The United States has kicked off the deployment of its missile defense system at the Osan Air Base in South Korea with the first pieces arriving in the country late Monday, the US military said. The Terminal High Altitude Area Defense (THAAD) system will be stationed in the Asian country to counter the nuclear threat posed by neighboring North Korea.

Kim Jong Un’s North Korea test-fired four ballistic missiles into the East Sea on Monday, a major cause of concern for countries in the region, as well as the U.S. Adm.

Harry Harris of the U.S. Pacific Command said in a statement: “Continued provocative actions by North Korea, including Monday's launch of multiple missiles, only confirm the prudence of our alliance decision last year to deploy THAAD to South Korea.”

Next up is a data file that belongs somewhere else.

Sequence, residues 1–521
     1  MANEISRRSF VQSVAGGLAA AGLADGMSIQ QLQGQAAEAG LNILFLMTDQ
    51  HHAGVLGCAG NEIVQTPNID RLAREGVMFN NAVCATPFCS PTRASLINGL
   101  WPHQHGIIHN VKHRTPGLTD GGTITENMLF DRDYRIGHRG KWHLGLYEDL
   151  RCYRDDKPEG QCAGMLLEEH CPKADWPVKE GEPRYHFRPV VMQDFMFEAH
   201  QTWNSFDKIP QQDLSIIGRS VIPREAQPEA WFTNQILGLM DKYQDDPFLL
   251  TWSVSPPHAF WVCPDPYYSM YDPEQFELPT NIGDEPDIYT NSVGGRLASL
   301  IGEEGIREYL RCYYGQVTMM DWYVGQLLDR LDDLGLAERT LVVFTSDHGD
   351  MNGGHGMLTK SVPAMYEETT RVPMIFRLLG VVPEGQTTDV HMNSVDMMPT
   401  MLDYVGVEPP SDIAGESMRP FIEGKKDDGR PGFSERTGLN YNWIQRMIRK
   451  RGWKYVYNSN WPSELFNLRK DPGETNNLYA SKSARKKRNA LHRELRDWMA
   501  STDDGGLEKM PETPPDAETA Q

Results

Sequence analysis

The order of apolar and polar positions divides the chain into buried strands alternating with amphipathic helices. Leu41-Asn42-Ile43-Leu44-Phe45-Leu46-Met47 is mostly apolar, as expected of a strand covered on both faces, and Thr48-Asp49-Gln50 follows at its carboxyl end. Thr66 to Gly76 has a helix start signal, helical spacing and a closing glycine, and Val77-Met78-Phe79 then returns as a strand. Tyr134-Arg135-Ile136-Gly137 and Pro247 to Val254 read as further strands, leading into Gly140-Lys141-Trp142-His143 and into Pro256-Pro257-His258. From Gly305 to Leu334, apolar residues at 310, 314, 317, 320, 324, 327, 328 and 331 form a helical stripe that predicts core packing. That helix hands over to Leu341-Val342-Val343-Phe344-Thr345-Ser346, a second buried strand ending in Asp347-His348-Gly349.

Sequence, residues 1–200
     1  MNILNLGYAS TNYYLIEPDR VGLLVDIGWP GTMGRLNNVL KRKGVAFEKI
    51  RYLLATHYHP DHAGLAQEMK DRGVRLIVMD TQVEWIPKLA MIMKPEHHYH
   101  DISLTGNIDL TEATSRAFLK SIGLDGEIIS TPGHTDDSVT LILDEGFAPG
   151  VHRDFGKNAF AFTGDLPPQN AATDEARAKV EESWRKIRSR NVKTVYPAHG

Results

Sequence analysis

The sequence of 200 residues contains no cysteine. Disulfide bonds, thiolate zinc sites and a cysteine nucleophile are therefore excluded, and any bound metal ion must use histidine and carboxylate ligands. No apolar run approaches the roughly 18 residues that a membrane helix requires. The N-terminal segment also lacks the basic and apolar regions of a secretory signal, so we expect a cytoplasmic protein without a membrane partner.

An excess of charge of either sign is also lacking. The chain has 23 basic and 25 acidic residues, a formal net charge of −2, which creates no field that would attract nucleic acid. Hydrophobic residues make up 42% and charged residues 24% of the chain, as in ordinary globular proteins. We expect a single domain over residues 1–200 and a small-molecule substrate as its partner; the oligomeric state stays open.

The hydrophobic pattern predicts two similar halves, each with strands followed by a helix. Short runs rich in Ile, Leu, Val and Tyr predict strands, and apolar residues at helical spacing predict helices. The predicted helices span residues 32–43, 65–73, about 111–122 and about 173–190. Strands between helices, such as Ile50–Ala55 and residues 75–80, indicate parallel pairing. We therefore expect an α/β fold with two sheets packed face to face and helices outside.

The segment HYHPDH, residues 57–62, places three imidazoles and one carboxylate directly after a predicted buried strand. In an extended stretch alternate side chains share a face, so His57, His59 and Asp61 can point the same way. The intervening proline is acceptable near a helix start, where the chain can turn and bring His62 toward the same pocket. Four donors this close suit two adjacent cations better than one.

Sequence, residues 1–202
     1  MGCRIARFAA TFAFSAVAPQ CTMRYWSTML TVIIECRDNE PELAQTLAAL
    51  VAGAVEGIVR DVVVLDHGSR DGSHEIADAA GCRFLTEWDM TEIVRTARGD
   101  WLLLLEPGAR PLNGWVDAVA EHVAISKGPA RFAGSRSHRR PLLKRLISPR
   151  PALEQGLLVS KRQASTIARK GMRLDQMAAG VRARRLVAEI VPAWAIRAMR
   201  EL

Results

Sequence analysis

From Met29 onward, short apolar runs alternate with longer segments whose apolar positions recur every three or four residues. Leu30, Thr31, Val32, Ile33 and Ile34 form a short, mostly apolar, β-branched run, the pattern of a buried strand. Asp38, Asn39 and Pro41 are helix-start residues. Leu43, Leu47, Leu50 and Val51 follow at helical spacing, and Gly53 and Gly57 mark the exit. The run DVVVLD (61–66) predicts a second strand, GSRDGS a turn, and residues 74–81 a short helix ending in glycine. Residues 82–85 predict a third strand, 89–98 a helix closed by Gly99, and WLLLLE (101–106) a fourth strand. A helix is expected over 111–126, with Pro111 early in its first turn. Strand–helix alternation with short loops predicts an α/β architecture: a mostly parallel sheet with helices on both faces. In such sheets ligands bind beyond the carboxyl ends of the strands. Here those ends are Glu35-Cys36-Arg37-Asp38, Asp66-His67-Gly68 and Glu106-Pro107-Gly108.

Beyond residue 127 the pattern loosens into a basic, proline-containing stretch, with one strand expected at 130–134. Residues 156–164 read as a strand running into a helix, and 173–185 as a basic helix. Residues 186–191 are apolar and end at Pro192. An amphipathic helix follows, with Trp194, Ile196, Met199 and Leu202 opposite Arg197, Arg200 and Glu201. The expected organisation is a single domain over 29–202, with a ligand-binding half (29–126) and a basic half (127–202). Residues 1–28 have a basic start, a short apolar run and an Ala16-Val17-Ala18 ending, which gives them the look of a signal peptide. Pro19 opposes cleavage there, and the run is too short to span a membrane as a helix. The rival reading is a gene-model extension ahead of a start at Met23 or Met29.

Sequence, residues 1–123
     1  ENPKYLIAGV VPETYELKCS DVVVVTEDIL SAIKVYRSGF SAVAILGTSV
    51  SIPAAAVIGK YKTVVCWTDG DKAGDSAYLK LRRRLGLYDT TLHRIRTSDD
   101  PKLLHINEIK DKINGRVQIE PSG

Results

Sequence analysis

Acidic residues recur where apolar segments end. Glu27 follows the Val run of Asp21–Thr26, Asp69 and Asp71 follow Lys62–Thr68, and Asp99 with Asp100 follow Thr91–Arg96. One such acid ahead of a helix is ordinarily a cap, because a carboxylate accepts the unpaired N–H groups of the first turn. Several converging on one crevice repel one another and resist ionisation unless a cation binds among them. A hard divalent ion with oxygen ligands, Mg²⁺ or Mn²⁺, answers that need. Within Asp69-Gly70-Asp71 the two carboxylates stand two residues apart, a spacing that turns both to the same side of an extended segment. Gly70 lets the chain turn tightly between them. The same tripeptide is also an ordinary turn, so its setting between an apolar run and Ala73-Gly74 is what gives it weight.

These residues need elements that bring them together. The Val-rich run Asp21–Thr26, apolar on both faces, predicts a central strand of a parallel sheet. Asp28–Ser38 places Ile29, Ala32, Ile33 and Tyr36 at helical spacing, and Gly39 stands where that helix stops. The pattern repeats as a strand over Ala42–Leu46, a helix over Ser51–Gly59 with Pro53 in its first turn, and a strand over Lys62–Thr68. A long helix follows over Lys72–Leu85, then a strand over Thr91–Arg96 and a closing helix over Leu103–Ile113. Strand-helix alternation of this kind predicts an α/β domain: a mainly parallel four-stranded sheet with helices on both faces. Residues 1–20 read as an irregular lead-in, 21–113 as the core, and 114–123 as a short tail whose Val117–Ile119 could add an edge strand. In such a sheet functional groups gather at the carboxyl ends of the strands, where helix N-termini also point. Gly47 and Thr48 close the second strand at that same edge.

The deployment of the anti-missile defense system is expected to be completed within two months, with THAAD becoming operational even as early as April this year, South Korea’s Yonhap News Agency reported the country’s military officials saying.

Seoul’s defense spokesman Moon Sang-gyun reportedly said a C-17 Globemaster III transport aircraft delivered the first elements of the defense system. The full battery consists of six truck-mounted launchers, 48 interceptors, a fire control and communications unit, and a AN/TPY-2 radar, which will be stationed at Seongju, 180 miles south of Seoul.

The THAAD deployment was first announced in July last year, but drew condemnation from regional power China, which likened the situation to the Cuban missile crisis. Many within South Korea also voiced their concerns about the placement of the anti-missile system over fear that the area would become the target of nuclear attacks by Pyongyang.

However, with North Korea stepping up its nuclear efforts, South Korea’s acting president and Prime Minister Hwang Kyo-ahn called for immediate deployment to deter the north’s threat.